Ep. 30: Thick Skin is For Writers Not Rhinos

Episode 30: Thick Skin is for Writers Not Rhinos

Thick skin is a must for any writer. Editors will show you your mistakes, agents and publishers will reject you. In episode 30 we learn why we need thick skin, how to handle rejection and criticism as well as when it is okay to remove the armor.

You can listen to the episode right here. The transcription is below the player. Feel free to add your comments using the comment section below.



Episode 30 Transcript

Note: Transcripts are generated using a combination of speech recognition software and humans, as such, it may contain errors. Please, double-check the audio file before quoting anything from this page.



00:00 [JT Pledger] Welcome kids! This is the 30th episode of the show! To be honest, I never thought I would get this far, but here I am, and thanks to you. Today I want to talk about a writer’s armor, the thick skin needed to get through criticism and critiques. Stick around, if you dare.

00:25 [Music]


Be Creative

00:44 [JT] Writer’s are creative people. We tend to wear our hearts on our sleeves when it comes to our projects. Being told anything other than “Wow! That rough draft is perfect, you don’t need any changes!” can be detrimental.

01:01 Deep down, we know that our work will never officially be finished. We know that the rough draft needs work and we also know that we have editors and beta readers for a reason. It doesn’t mean we like to hear that we made a mistake or that our words aren’t quite ready for the demanding public yet. Honestly, I don’t know anyone that does.

01:32 As a writer, though, it hits a little harder. We, like any other artist, put our heart and soul into our work. Unlike most other mediums, though, it has to be perfect. Not in our eyes, mind you, but in the eyes of the public, the readers and the publishers.

01:56 I doubt anyone ever told Picasso that he should redo a painting. He put up a canvas, got his brushes and paints ready and started using his creativity how he saw fit. When Picasso was done, it was a masterpiece, a single draft to perfection.


You Will Always Find Flaws

02:20 Now, knowing what I know about creative people, I am sure Picasso sat back and eyed his finished work and saw hundreds of flaws, errors, and mistakes. He might have tried to cover up a few of them, but for the most part, once the paint was dry, that was it.

02:45 Today, we look back at Picasso’s work in awe, admiration and even intimidation. As a writer of words, though, we can’t just slap our paint on a canvas and be done with it.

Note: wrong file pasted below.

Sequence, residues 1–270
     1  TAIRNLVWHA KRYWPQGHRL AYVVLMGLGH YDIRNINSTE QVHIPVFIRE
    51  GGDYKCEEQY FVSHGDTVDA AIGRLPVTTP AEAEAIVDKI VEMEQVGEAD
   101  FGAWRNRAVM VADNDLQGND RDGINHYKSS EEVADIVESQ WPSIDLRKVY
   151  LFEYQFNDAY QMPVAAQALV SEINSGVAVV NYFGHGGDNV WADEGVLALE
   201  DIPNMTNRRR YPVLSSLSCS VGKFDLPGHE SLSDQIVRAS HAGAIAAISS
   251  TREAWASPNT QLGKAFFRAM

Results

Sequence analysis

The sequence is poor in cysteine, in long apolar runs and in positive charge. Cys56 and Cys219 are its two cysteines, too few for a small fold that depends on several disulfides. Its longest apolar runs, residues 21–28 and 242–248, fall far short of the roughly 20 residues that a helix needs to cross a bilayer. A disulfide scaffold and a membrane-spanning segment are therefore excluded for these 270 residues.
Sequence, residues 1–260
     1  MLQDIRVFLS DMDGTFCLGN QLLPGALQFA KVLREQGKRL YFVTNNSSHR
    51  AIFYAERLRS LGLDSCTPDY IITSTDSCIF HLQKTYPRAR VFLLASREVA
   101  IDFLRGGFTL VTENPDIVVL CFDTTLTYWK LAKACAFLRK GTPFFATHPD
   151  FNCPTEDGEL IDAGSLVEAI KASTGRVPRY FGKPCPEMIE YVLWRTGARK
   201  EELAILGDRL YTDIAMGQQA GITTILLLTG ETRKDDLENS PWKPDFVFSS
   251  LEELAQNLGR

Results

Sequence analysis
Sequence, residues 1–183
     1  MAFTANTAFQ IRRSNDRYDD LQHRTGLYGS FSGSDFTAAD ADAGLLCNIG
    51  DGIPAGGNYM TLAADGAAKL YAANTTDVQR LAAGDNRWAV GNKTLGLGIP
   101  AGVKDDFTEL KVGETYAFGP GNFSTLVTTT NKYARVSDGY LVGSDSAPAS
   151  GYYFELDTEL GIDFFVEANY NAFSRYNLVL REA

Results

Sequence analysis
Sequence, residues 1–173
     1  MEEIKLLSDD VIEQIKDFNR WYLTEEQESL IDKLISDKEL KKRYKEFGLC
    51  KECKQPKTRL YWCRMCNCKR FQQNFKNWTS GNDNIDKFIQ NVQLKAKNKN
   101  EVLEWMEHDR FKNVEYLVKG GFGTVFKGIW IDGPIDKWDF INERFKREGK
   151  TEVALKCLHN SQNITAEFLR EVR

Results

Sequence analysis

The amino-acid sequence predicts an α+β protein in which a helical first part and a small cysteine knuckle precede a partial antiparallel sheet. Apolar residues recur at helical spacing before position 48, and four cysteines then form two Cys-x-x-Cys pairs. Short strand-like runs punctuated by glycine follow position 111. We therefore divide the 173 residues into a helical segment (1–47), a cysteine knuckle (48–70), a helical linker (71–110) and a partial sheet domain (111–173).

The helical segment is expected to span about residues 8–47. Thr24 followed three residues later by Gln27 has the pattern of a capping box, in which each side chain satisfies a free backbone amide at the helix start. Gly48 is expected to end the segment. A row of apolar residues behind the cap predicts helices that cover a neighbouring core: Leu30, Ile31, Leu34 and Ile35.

03:01 Someone will read it and say it isn’t ready. Our apostrophes aren’t in the right spot, we have a run-on sentence, or there isn’t the proper subject-verb agreement. A writer has the luxury of doing a rewrite, a do-over. We can take out the horrible words and bad grammar and replace them with proper structure and good words.

03:32 If we do not, I can almost promise that no one will look at our notebook a hundred years from now and say “Well, look at this masterpiece! A rough draft you say? Nay, it is perfect!” (And, of course, they will say things like “nay” a hundred years from now.)


Writing isn’t as Forgiving

03:56 While some art forms are more forgiving, writing isn’t one of the lucky ones. Words are scrutinized, studied and torn apart.

04:09 As a writer, we have to be prepared for this. We know it is going to happen. There are going to be people out there that tell us our work isn’t good enough. You can try to get an agent only to receive a rejection letter. When you do, you can let it define you or you can let it inspire you.


Thick Skin is Your Armor

04:32 The difference is your attitude, your armor. As a writer, you have to have thick skin. It is your only defense against the nay-sayers out there that will try to tear you down.

04:46 If you are weak-willed, you might see it as not being good enough, that you don’t have the chops, or as a reason to give up. I beg you not to.

Thick Skin

04:59 Taking criticism is never easy. It will forever be a difficult task to hand over your work to a complete stranger, asking for acceptance and receiving rejection instead. The difference is that we know this is going to happen.